Remove pot from heat and add paprika. Stir well. (The reason you remove the pan from the heat it because it can burn and become bitter.)

Add remaining ingredients. Return to heat and bring to a boil. Reduce heat to low, cover, and cook for 20 minutes.

Remove cover and cook for another 5 minutes until sauce is thickened and potatoes are tender.

Herbs - whenever you need them

Nowadays, many recipes call for fresh herbs. Fresh herbs are wonderful but unless you grow them yourself, they are expensive and quite perishable. We at the School of Eating Good try to use fresh herbs when we have them - we grow them in our gardens and have small pots of them in sunny windows for winter use. But, we realize that many people don't have access to fresh herbs. Therefore, we give you an alternative to fresh herbs, either with dried or frozen herbs, in our recipes.

The basic conversion rate for fresh to dried herbs is 3x fresh =  1 dried herbs. If a recipe calls for 1 Tablespoon fresh herbs, use 1 Teaspoon dried herbs. Frozen herbs need no conversion. Certain herbs such as cilantro and chives do not dry well but they freeze quite well. Other herbs such as basil, thyme, oregano, Italian parsley, and rosemary also freeze well. Give them a rinse, allow them to airdry, then freeze them in a thin layer on a cookie sheet. Once frozen, put them in a plastic bag for storage in the deep freeze. When you need some, just take out what you need and use like fresh. Since packages of fresh herbs at the market usually contain more than you'll need for a single recipe, this is also a great way to get the most out of those expensive fresh herbs.

Dried herbs have a long storage life but it's not forever. After about 1 year, they lose a lot of flavor. You should try to buy just a little at a time. Some supermarkets now sell dried herbs and spices in the bulk section where you can buy much less than a whole jar for a reasonable price. If you can only buy herbs in a full jar,  have a herb swap with your friends. Have a group of friends each buy a jar or two of dried herbs. Get together and divvy up the each jar among the group. Now you all have a little bit of all the herbs rather than each of you having a big jar of one herb that you'll never use up before it loses its punch!

Wednesday, October 5, 2011

Homemade Vinaigrette - you'll never want store-bought salad dressing again!

Vinaigrette is an emulsion of oil and vinegar, often flavored with herbs, spices, and other ingredients, such as shallots, raspberries, and cheese.  The basic recipe is to slowly add 3 parts oil at room temperature to 1 part vinegar, using a whisk, until it emulsifies into a creamy sauce.  Salt and pepper are added to taste and the addition of a small amount of mustard can help the keep the oil and acid in an emulsified state.  The typical amount per serving is 1 ½ - 2 Tablespoons.  I like to make up about a cup of vinaigrette and keep it in the refrigerator.  Basic vinaigrette will stay in the refrigerator for a couple weeks before the emulsion breaks down.  Here are my favorite recipes.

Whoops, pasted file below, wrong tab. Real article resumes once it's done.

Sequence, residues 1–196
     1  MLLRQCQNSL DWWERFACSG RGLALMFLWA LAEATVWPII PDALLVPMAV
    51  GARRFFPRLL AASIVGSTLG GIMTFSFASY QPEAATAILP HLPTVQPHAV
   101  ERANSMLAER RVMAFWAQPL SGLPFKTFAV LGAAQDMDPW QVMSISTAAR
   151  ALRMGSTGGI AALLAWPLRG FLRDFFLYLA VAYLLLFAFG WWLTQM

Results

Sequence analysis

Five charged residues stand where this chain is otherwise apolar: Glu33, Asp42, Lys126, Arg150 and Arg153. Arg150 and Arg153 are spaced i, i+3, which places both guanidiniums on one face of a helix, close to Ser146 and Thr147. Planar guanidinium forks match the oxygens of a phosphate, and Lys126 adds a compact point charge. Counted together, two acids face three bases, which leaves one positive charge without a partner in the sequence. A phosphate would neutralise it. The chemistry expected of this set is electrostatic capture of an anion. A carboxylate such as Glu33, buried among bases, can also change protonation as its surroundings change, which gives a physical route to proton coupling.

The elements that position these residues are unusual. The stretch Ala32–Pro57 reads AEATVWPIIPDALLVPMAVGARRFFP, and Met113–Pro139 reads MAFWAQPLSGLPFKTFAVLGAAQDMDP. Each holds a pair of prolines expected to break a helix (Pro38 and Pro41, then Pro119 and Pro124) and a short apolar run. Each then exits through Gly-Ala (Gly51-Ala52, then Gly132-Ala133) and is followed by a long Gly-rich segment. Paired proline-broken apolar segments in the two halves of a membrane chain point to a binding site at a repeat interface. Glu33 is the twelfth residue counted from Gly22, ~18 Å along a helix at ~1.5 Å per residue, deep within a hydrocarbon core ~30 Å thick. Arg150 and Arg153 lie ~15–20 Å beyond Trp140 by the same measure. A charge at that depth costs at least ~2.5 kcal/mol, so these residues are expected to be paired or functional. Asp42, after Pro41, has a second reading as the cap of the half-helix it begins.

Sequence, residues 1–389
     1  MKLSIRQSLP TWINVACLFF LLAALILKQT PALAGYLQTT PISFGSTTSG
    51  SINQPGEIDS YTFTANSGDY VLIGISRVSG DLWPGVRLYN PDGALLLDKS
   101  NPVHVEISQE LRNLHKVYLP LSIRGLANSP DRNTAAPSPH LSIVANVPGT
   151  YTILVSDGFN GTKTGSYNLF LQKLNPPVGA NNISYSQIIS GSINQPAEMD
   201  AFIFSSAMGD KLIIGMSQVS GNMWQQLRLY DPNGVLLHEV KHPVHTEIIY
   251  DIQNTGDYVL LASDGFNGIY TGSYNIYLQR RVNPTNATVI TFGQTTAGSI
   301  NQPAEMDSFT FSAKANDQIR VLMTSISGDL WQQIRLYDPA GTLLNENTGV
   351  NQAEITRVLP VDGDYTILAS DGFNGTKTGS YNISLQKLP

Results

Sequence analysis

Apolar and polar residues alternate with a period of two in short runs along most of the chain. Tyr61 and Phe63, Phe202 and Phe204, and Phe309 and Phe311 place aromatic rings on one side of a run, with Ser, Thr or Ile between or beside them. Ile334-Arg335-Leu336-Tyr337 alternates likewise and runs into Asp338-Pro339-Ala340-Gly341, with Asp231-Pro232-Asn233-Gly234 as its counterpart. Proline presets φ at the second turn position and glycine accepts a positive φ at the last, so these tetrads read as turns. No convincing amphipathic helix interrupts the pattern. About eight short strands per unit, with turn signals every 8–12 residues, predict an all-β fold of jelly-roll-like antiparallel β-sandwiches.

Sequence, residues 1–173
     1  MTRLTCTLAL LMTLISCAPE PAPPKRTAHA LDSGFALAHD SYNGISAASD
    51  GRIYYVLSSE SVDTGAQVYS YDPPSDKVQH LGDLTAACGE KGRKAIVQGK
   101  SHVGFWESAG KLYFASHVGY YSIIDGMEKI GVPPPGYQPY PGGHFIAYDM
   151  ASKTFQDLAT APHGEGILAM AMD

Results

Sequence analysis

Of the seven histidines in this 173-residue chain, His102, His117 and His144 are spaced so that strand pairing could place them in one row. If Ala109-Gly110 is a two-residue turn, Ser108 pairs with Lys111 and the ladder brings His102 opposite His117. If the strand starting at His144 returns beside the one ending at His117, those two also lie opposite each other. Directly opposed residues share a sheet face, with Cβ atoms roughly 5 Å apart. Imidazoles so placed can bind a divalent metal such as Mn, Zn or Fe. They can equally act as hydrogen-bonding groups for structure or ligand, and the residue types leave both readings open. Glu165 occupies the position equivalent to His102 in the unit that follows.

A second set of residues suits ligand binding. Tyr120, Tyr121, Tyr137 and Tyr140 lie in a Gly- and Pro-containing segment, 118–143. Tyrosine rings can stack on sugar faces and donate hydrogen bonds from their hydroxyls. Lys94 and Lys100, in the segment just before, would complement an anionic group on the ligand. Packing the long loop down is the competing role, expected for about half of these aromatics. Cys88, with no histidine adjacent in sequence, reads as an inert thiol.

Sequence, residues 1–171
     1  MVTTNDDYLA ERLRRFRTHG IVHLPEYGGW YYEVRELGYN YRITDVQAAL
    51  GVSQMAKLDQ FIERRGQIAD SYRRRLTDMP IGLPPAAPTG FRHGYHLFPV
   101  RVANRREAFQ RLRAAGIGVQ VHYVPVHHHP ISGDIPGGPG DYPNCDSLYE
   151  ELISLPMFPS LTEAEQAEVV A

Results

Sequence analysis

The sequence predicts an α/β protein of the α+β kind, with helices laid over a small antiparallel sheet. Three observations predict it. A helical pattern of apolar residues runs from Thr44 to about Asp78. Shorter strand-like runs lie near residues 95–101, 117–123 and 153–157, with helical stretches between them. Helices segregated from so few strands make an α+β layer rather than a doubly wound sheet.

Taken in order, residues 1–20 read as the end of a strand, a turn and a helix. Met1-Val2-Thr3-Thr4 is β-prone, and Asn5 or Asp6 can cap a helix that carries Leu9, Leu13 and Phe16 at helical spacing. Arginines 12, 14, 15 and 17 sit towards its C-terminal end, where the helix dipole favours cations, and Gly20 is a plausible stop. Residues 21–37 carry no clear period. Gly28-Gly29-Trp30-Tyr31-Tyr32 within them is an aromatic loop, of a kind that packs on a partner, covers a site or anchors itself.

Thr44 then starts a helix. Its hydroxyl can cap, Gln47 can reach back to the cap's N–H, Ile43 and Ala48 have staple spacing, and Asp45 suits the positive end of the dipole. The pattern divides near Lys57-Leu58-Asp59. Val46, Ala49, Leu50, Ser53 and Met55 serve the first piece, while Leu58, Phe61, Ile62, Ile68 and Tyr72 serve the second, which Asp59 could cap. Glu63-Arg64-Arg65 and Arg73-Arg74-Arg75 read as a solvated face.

But wait, here’s a trick!  Dampen a paper towel and put it on your counter under the bowl you are going to use to make the vinaigrette.  It will help keep the bowl from whirling around while you pour the oil with one hand and whisk with the other.

Basic Vinaigrette: put 4 Teaspoons Dijon mustard in a small bowl with ¼ cup vinegar (I'm a fan of white balsamic).  Slowly whisk in ¾ cup extra-virgin olive oil until it emulsifies. Mix in salt and pepper to taste.

Pomegranate Balsamic Vinaigrette:  put 1 Tablespoon pomegranate molasses in a small bowl with 3 Tablespoons dark balsamic vinegar. Whisk in ¼ cup extra-virgin olive oil. Mix in salt and pepper to taste. Note: this makes a fantastic fall dinner salad with arugula, chunks of roasted sweet potatoes, chicken or turkey, pomegranate seeds, and shaved parmesan cheese.  Did you know you can freeze pomegranate seeds?  I do it every fall, so I can eat this yummy salad all year long!

Asian Sesame Vinaigrette: put ¼ cup toasted sesame oil, 2 Tablespoons soy sauce and 1 teaspoon red pepper flakes in a small bowl.  Whisk in ¾ cup canola or vegetable oil.